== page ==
Congenital cholesteatoma: Different clinical presentation in two cases Congenital cholesteatoma (CC) of the middle ear is a rare entity that may be undiagnosed for years. The lesion can grow undetected until it produces symptoms such as reduced hearing or otalgia.Case report.We report two cases of young ladies with CC who presented with different otological symptoms. The first case complained of recurrent unilateral ear pain while the second case presented with unilateral reduced hearing
Giant Petrous Bone Cholesteatoma: Combined Microscopic Surgery and an Adjuvant Endoscopic Approach Petrous bone cholesteatomas (PBCs) are epidermoid cysts, which have developed in the petrous portion of the temporal bone and may be congenital or acquired. Cholesteatomas arising in this region have a tendency to invade bone and functional structures and the middle and posterior fossae reaching an extensive size. Traditionally, surgery of a giant PBC contemplates lateral transtemporal or middle (...) fossa microscopic surgery; however, in recent years, endoscopic surgical techniques (primary or complementary endoscopic approach) are starting to receive a greater consensus for middle ear and mastoid surgeries. We report the rare case of an 83-year-old Caucasian male affected by a giant cholesteatoma that eroded the labyrinth and the posterior fossa dura and extended to the infralabyrinthine region, going beyond the theca and reaching the first cervical vertebra. The giant cholesteatoma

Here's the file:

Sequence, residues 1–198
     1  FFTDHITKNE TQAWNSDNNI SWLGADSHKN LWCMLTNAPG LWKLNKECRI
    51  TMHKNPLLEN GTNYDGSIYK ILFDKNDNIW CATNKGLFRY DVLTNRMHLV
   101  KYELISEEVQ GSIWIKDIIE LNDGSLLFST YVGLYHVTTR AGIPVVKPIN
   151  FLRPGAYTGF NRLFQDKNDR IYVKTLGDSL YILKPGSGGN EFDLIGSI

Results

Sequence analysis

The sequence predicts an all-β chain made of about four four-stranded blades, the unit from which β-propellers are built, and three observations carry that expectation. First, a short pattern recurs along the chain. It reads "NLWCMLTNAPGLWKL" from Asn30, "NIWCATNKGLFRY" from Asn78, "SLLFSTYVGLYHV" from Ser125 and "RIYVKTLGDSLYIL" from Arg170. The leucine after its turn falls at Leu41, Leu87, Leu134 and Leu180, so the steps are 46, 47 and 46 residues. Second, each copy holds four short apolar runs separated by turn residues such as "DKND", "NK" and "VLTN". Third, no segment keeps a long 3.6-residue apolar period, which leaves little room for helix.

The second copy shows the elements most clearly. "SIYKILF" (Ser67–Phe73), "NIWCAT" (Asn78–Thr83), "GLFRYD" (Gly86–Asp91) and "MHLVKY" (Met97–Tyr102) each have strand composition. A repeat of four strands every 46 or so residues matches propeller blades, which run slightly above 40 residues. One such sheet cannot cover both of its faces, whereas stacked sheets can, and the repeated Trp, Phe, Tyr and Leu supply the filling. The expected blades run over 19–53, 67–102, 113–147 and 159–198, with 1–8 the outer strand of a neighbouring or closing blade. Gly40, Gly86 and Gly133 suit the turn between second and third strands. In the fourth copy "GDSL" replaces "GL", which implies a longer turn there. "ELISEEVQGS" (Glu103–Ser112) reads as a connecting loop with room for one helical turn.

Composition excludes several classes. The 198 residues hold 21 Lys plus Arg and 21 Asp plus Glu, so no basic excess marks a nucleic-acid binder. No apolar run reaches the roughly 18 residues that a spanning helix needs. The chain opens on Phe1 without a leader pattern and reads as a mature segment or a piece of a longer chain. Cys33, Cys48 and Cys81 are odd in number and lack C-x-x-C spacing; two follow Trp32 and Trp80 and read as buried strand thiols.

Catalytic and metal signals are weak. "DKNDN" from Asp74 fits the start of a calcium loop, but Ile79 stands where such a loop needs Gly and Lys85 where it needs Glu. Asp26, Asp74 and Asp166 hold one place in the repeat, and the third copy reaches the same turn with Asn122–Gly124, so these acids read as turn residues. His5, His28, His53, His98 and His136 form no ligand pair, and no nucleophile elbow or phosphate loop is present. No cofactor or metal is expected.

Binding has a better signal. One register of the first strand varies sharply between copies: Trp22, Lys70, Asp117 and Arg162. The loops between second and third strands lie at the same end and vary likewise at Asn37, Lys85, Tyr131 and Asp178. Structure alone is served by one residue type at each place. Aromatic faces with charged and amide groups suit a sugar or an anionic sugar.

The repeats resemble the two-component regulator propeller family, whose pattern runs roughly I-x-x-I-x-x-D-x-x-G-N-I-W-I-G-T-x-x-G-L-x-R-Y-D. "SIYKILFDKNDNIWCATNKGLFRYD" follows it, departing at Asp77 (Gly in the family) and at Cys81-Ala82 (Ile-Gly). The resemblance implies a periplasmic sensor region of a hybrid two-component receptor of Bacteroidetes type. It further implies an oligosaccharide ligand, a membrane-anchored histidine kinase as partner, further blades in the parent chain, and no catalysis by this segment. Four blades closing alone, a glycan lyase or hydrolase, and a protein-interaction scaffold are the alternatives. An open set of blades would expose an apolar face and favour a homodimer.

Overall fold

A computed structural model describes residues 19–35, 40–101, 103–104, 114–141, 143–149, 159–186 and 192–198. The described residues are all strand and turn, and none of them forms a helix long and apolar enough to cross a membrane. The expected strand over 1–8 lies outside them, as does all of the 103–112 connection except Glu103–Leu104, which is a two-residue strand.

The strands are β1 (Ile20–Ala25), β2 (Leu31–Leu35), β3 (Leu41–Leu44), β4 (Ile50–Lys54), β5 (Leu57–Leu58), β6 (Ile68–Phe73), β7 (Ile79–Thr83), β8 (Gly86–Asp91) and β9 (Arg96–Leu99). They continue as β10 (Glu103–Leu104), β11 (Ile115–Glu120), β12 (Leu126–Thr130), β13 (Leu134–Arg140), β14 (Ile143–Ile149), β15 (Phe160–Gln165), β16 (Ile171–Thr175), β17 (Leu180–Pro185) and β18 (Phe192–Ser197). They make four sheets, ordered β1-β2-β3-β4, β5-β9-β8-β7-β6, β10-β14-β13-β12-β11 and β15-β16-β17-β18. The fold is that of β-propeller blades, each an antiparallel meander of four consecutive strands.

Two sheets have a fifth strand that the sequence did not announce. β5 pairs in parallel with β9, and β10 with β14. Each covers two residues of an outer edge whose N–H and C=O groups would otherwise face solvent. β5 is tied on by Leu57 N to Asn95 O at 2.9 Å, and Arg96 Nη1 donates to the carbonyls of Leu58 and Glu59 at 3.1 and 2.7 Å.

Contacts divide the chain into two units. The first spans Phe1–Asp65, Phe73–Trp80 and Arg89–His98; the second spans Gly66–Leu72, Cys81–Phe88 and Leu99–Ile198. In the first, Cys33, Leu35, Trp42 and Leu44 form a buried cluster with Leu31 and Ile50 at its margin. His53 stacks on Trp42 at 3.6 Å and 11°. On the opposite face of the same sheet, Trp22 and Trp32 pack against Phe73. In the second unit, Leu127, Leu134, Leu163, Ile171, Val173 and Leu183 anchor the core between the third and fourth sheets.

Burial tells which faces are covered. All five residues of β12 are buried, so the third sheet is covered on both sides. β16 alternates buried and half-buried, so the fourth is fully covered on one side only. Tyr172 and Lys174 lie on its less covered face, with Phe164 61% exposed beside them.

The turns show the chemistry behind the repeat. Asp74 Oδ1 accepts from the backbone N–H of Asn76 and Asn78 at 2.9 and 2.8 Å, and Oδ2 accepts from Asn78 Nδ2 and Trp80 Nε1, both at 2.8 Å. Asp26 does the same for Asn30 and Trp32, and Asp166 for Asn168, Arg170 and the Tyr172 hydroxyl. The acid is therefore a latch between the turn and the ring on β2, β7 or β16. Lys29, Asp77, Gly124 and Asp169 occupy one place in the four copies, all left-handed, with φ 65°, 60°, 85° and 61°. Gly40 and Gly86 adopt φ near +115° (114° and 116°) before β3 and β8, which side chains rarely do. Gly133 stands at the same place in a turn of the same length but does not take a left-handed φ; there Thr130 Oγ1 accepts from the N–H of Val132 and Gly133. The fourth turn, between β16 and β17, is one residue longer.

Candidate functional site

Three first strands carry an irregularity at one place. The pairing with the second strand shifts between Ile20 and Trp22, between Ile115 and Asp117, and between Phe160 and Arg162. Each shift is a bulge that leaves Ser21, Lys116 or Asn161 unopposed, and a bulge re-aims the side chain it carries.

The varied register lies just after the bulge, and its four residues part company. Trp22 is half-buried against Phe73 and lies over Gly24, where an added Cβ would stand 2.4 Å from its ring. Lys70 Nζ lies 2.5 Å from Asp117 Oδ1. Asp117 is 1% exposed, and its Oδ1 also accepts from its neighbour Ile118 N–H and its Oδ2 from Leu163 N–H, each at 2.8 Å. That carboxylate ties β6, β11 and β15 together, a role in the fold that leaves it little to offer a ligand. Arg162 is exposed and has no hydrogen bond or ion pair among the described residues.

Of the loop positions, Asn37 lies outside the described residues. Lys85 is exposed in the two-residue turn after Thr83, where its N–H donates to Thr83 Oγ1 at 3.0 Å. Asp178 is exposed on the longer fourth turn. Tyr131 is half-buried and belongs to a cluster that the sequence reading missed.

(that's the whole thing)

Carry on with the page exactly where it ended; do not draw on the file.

CholesteatomaCholesteatoma - NICE CKS Clinical Knowledge Summaries Share Cholesteatoma: Summary A cholesteatoma is an abnormal sac of keratinizing squamous epithelium and accumulation of keratin within the middle ear or mastoid air cell spaces that can become infected and also erode neighbouring structures. A general practitioner with a list size of 2500 patients would expect to see, on average, one new case of cholesteatoma every 4–5 years. Cholesteatoma may be asymptomatic in its early (...) stages. Cholesteatoma most commonly presents with a persistent or recurrent discharge from the ear that is often foul smelling. Additionally, a conductive hearing loss may occur (although it is commonly not noticed) as well as ear discomfort (although this is usually mild and not a prominent feature of the condition). Rarely with progression of the disease vertigo, sensorineural hearing loss, facial nerve palsy, meningitis or intracranial abscess may develop. The diagnosis requires clear
Cholesteatoma - diagnosing the unsafe ear clinical practice reprinted from australian Family physician Vol. 37, No. 8, August 2008 631 samuel Kim MBBS, MMed, is Associate Clinical Lecturer, University of Sydney, New South Wales. phillip chang MBBS, is Visiting Medical Officer, St.Vincents Hospital and Sydney Children’s Hospital, and Clincical Director, Shepherd Centre for Hearing Impaired Children, New South Wales. email@example.com cholesteatoma – diagnosing the unsafe ear cholesteatoma (...) is clinically defined as an abnormal extension of skin into the middle ear and mastoid air cell spaces. t he point of entrance of skin into the middle ear is reliably identifiable on otoscopic examination as a perforation or retraction pocket of the tympanic membrane. Otoscopy therefore represents the most reliable and sensitive means of diagnosing a cholesteatoma. In pathological terms cholesteatoma is simply benign keratinising squamous epithelium that forms a cyst within the middle ear or mastoid